[To Douglas Cowling] I also hold the Klemperer SMP in high esteem -- I have the original Angel LP set (from 1962 -- hmm, its 50th anniversary is next year), and it is one of my most prized recordings. And of course some of the soloists are 20th century legends: Peter Pears, Dietrich Fischer-Dieskau, Elisabeth Schwarzkopf.

My comparison, then, was not intended to be disparaging. I simply wanted contrast current tempi with those of the past. Klemperer's recording is regarded to be seminal by many -- so where does clipping off one hour of the recorded time of the SMP leave us? Certainly in modern performances the dance element is more prominent, at least in some of the music. But, particularly given that the passion setting was performed on Good Friday (perhaps the most sombre day of the church year), how much Schwung is too much? (and that question gets us into the murky realm of aesthetics).

I can relate to Claudio's concern -- perhaps the pendulum will swing once again, towards more moderate tempi? But, of course, terms like "brisk" and "moderate" are relative. It doesn't seem, though, like tempi can become much more brisk (particularly after the approach of Goebel and MAK).

One thing I have noticed in my years of acquaintance with Bach's music -- it possesses remarkable elasticity. I have heard different readings of the same piece taken at contrasting tempi, but which are all equally convincing. For a time I might prefer a faster tempo, at other times a slower tempo. I guess we are spoiled for choice.

Slow(er) tempi can be very effective when used by HIP ensembles, even if they seem affected or unnatural (whatever those terms mean). A case in point: Gardiner's remarkable (stunning, really) reading of the bass aria from BWV 13. One of the highlights of his Cantata Pilgrimage, in my opinion, but too risky and somewhat dubious for some people, no doubt.

Ed Myskowski wrote (March 5, 2011):
Andrew White wrote:
< I can relate to Claudio's concern -- perhaps the pendulum will swing once again, towards more moderate tempi? But, of course, terms like "brisk" and "moderate" are relative. It doesn't seem, though, like tempi can become much more brisk (particularly after the approach of Goebel and MAK). >
I am impressed more and more, with all the performances available for comparison, how much brisk or moderate are relative to other most recent listening.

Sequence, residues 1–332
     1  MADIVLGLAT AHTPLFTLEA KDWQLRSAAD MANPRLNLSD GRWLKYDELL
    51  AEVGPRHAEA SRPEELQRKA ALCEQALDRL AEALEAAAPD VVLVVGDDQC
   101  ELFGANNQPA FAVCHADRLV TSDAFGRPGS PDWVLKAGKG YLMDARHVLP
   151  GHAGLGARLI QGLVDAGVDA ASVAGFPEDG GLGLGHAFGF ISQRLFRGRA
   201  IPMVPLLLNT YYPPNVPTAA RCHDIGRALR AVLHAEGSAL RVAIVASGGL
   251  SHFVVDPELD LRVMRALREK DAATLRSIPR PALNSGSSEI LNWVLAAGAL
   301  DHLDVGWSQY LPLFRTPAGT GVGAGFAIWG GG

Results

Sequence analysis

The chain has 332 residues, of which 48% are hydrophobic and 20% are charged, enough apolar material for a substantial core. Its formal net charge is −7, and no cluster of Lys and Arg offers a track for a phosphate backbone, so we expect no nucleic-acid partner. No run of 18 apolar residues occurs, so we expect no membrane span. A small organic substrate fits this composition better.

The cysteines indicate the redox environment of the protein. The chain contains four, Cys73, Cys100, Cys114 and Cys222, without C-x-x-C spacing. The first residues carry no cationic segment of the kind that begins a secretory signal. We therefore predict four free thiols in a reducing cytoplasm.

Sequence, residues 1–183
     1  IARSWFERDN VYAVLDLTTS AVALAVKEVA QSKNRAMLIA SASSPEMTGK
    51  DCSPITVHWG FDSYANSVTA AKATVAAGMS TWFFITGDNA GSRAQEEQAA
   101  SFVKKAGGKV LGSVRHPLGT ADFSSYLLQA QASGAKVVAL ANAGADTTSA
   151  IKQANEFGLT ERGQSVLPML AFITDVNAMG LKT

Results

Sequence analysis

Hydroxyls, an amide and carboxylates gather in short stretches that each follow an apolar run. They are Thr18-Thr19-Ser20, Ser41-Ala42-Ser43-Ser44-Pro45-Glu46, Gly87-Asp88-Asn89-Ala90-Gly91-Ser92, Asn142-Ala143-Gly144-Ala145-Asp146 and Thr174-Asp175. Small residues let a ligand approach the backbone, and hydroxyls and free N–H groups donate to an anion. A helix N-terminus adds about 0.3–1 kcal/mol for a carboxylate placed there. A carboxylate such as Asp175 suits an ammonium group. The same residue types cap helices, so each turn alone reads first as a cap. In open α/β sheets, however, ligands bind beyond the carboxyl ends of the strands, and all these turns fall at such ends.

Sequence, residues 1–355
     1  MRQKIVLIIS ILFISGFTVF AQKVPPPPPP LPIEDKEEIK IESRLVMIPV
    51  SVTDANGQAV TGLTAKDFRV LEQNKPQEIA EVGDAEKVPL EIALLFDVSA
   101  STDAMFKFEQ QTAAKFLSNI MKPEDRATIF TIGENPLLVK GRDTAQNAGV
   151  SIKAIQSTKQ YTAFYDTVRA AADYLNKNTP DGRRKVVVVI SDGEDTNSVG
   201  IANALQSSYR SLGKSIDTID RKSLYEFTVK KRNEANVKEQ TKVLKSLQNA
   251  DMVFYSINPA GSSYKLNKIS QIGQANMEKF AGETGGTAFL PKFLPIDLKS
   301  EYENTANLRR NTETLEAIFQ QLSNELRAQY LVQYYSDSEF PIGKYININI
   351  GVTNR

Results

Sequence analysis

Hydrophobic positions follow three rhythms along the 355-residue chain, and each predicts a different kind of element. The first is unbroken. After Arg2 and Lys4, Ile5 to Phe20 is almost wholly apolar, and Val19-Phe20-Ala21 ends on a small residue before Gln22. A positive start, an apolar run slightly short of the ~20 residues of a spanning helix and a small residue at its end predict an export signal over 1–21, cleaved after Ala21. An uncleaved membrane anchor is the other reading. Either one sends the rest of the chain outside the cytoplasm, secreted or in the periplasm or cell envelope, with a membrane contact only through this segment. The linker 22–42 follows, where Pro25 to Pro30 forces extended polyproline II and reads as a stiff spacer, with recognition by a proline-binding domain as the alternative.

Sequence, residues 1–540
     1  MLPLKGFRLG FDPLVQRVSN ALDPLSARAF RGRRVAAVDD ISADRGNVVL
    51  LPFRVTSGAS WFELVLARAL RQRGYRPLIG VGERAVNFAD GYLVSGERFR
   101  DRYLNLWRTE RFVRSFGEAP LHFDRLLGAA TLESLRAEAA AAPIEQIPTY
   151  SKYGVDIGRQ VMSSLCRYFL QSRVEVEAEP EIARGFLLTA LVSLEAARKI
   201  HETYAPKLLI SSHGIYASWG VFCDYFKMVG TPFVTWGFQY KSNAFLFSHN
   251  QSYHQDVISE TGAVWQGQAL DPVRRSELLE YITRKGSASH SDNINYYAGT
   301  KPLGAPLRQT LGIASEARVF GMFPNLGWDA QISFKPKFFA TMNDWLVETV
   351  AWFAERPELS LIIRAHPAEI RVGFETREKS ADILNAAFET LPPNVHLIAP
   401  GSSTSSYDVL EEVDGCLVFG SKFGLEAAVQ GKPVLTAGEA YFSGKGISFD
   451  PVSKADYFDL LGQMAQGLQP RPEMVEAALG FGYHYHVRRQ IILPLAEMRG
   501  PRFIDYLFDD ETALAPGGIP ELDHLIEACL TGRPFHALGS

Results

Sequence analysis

< One thing I have noticed in my years of acquaintance with Bach's music -- it possesses remarkable elasticity. >
What a fine choice of words! You can expect to read that again in the future.

< I have heard different readings of the same piece taken at contrasting tempi, but ware all equally convincing. For a time I might prefer a faster tempo, at other times a slower tempo. I guess we are spoiled for choice. >
Perhaps blessed? Best not to count on it.

Uri Golomb wrote (March 5, 2011):
I think the pendulum is already beginning to swing towards more moderate tempi, certainly for the more somber movements. In my research on recordings of the B-minor Mass, I found the fastest tempi for movements like the First Kyrie and the Crucifixus were mainly in the 1980s and early 1990s. since then, while there has not been a return to the absolutely slowest tempi (in the First Kyrie, that would be Klemperer and Scherchen), there has been a return to something in between. Mind you, Klemperer was quite slow even in comparison to many of his contemporaries (this is not criticism or praise - just a factual observation).

Not that tempo is the only important factor. I sometimes found myself thinking that performance A is faster than performance B only to check and discover that the tempo is actually the same - the difference was due to other factors (dynamics, articulation etc.).

Claudio Di Veroli wrote (March 5, 2011):
Klemperer Fideles-Matthaus Tempi

< Not that tempo is the only important factor ... >
CPE Bach categorically wrote in 1753 that tempo was THE most important factor in interpretation. Though we do not know for sure, chances are that the old Bach would agree.

Let me use the metronome when talking about tempi.

I am lucky enough to have possessed successively four of the most widely known recordings.

1936: conductor Mengelberg, reissued in the 1950's in LPs, which for some time was the only recording around. In many countries nobody had ever heard about the work and it took the musical world by surprise. Very Romantic of course. The first choir (http://www.soundfountain.com/amb/phmil.html) was a lethargic 102 quavers per minute.

1958: conductor Karl Richter. A so-called Modern performance. This was the first (and best seller) of his four recordings. (Amazon.com) with a initial tempo of still very slow 113 quavers per minute.

1978: conductor Harnoncourt. First recording with period instruments. He also would produce later recordings: Amazon.com once had the LPs. No sample tracks online, cannot tell the speed.

1988: conductor Gardiner. Second recording with period instruments and hailed as the best ever two decades ago. Amazon.com
Interestingly, with my precision digital metronome I measured the online sample at 154 quavers per minute, while the CD starts at about 156 but then soon accelerates and towards the end of the choir it is 160 per minute.